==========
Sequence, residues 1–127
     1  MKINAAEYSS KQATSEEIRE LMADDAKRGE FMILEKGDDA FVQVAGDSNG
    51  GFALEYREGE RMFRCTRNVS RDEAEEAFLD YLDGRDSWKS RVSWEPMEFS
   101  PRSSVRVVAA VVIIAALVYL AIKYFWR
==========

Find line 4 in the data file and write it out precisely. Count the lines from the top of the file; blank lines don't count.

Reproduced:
   101  PRSSVRVVAA VVIIAALVYL AIKYFWR